Straight Outta Compton - NWA
N.W.A. were a force of nature when they arrived on the music scene in the late 80s, being genuinely deserving of their self-declared status as 'The World's Most Dangerous Group'. The cover to their landmark album perfectly encapsulated what they were about, the group encircling the listener, as you stare down the barrel of a gun held by Easy-E. The idyllic blue Californian sky provides the unlikely backdrop - all may have seemed sunny, but trouble was brewing in Compton.
Dark Side of the Moon - Pink Floyd
One of the most influential pieces of art in music history. Nothing more needs to be said to describe it.
London Calling - The Clash
It remains a fact of rock 'n' roll that there is nothing cooler than a) smashing your guitar, b) being able to afford to smash your guitar or best of all c) not being able to afford to smash your guitar but doing it anyway. The Clash went one better by d) smashing a bass. That thing weighs a lot. Pennie Smith's shot captured that essential sense of abandonment and loss of control, and Lowry's design, paying homage to the King of Rock 'n' Roll, Elvis's self-titled album, hammered home the point further. Often imitated, never bettered
Self Titled - Rage Against the Machine
Rage Against The Machine's 1992 self-titled debut album was nothing short of incendiary - a political and radical call-to-arms soundtracked by ferocious metal riffs. The cover was no less confrontational, featuring a photo taken by Associated Press correspondent Malcolm Browne of a Vietnamese Buddhist monk, Thích Quảng Đức, burning himself to death in Saigon in 1963, protesting against the Vietnamese administration's oppression of the Buddhist religion. A truly powerful image demonstrating one man's ultimate sacrifice for his beliefs, it was both shocking and inspiring, two ingredients for an iconic album cover.
Nevermind - Nirvana
The iconic image of an innocent baby swimming towards a dollar bill on a fishhook is one of the most instantly recognisable in musical history, worthy of the enormously influential breakthrough album that was Nevermind. Kurt Cobain reportedly conceived the idea after watching a TV program on water births, and a photographer was duly despatched, with the dollar bill being added afterwards. The meaning behind the image has never been revealed, and never will be, adding to the intrigue, and coolness of the sleeve.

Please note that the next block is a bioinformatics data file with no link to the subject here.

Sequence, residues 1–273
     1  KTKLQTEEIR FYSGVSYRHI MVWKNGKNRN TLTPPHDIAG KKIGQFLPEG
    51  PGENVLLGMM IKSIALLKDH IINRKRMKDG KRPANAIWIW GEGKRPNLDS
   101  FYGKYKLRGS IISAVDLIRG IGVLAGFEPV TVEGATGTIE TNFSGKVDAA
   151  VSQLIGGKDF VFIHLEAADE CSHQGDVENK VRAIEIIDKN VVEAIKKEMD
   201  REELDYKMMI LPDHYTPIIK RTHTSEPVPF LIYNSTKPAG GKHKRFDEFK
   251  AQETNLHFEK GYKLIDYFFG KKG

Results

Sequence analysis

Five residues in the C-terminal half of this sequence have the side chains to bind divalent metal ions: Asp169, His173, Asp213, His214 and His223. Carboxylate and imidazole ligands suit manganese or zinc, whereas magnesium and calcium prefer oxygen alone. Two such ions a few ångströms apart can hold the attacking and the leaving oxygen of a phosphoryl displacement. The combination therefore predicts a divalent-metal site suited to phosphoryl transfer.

Self Titled - Elvis Presley
The album that changed everything, and a photograph that captured Elvis on the cusp of greatness. It doesn't come much cooler than that. The photograph was taken at the Fort Homer Hesterly Armory in Tampa, Florida, on July 31, 1955, with Elvis aged just 20. He was towards the bottom of the bill, but he wouldn't be there for long as this album, and the accompanying cover - arguably the world's first tangible image of a rock 'n' roll star - propelled him to immortality.
Music for the Jilted Generation - Prodigy
A record of ferocious power, attitude and force and, truly, a cover to match, a metallic howl of anger addressing the Jilted Generation which Prodigy so successfully reached. A brilliant and iconic cover.
The Score - The Fugees
One of the coolest hip-hop collectives of all time, at the peak of their powers, this seminal record also boasted an effortlessly cool cover, all three contributing members - Wyclef Jean, Pras Michel and Lauryn Hill - pictured individually, but together, for a sleeve with a cinematic feel; appropriate for an album that Hill described as 'an audio film'.